• Regarding the starting point for the damages, the Cour de Cassation considered that the Court of Appeal wrongly took into account the beginning of the wrongful practices as the starting point of the interests attached to the compensation for the additional loss arising from the unavailability of the sum allocated by it for the loss of development. The Court in fact considered that such practices have lasted for several years and that at their beginning, the above-mentioned loss had not been fully established and was necessarily progressive (Section 49).
  • Lastly, the Cour de Cassation considered that the Court of Appeal had properly assessed the parties’ competing private expert opinions on loss assessment, and that it had correctly arbitrated between the diverging expert reports filed by the parties. The Court hence considered that the Court of Appeal could not be criticised for deciding to follow the analysis resulting from the expert report of one of the parties.

This landmark decision is in line with the principle of full compensation, with the Cour de Cassation affirming the Court of Appeal’s decision to acknowledge both the eviction loss and additional loss.

While there has been a strong tendency to rely on court-appointed experts for damage assessment rather than on private experts, such finding is a strong reminder that parties should absolutely appoint private experts. The parties should also ensure that they provide the court with a solid and comprehensive expert opinion, that addresses the opposing party’s potential criticisms.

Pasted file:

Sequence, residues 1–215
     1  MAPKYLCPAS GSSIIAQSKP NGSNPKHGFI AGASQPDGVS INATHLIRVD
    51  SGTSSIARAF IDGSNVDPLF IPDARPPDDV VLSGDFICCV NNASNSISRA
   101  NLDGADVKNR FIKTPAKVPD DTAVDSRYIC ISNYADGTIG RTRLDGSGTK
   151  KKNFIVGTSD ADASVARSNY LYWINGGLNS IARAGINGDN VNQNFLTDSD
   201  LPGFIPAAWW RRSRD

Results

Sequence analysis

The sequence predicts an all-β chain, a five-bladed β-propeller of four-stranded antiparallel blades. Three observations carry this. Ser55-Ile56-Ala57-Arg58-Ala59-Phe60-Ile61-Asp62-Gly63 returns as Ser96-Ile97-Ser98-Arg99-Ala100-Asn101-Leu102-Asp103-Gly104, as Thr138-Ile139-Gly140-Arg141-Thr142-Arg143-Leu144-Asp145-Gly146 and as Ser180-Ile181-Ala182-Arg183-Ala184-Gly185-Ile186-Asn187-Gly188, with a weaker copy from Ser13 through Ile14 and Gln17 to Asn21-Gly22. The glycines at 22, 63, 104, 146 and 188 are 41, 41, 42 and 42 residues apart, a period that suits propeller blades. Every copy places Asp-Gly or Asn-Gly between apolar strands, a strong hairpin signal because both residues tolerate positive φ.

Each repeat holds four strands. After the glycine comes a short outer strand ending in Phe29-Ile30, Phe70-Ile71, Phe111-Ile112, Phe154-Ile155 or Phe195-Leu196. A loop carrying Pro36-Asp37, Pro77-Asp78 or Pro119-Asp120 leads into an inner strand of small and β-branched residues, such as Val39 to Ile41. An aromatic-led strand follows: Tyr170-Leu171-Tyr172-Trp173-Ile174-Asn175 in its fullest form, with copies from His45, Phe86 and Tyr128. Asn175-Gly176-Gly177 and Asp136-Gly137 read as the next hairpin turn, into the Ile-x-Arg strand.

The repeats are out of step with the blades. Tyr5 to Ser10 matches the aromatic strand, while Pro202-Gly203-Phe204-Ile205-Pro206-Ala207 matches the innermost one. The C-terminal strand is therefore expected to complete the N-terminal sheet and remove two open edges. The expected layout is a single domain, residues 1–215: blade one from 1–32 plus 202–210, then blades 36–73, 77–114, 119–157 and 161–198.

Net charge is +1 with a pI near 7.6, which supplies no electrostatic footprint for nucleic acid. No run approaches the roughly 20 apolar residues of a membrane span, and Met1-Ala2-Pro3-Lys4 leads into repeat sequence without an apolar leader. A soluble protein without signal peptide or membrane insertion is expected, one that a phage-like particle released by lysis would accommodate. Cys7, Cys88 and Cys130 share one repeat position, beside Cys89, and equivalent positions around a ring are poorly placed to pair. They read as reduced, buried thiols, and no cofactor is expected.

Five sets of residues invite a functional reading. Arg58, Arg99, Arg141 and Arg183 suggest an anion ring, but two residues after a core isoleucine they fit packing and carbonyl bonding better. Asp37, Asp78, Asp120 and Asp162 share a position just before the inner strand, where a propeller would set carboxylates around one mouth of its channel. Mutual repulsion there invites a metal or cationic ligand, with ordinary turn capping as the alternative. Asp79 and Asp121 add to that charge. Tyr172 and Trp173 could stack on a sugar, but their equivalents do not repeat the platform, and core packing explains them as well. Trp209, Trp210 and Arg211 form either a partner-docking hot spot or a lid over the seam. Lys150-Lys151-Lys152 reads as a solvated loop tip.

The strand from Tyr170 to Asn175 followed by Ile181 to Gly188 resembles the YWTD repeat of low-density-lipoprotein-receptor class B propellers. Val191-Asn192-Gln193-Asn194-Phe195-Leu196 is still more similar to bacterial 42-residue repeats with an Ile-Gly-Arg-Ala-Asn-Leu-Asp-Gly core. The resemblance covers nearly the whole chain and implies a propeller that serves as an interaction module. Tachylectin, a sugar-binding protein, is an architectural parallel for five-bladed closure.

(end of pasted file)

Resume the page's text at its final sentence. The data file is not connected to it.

Temporal Applicability of Article 13 of the Damages Directive on the Passing-On Defence

While the Damages Directive was to be transposed into national laws in December 2016 at the latest (it was transposed into French Law by Order of 9 March 2017), issues relating to the application ratione temporis remain frequent issues in antitrust litigation.

The CJEU handed down an important decision on this matter (CJEU, 22 June 2022, C-267/20, Volvo AB/DAF Trucjs NV), in which it set out the analysis to be carried out by national judges in order to determine the temporal applicability of the provisions of Directive 2014/104. The CJEU’s decision provided that “it is necessary to establish, in the first place, whether or not the provision concerned constitutes a substantive provision”. As a second step in the analysis, the CJEU ruled that “Once it has been determined whether the provision concerned is substantive or not, it is necessary to ascertain, in the second place, whether, in circumstances such as those at issue in the main proceedings, in which that directive was transposed late, the situation at issue, in so far as it cannot be described as new, arose before the expiry of the time limit for the transposition of that directive or whether it continued to produce effects after the expiry of that time limit.” The Court added that “The fact remains that, where a national court has to determine a dispute between individuals, it is for that court, where appropriate, to interpret the national provisions at issue in the main proceedings, so far as possible, in the light of EU law and […] without, however, interpreting those national provisions contra legem”.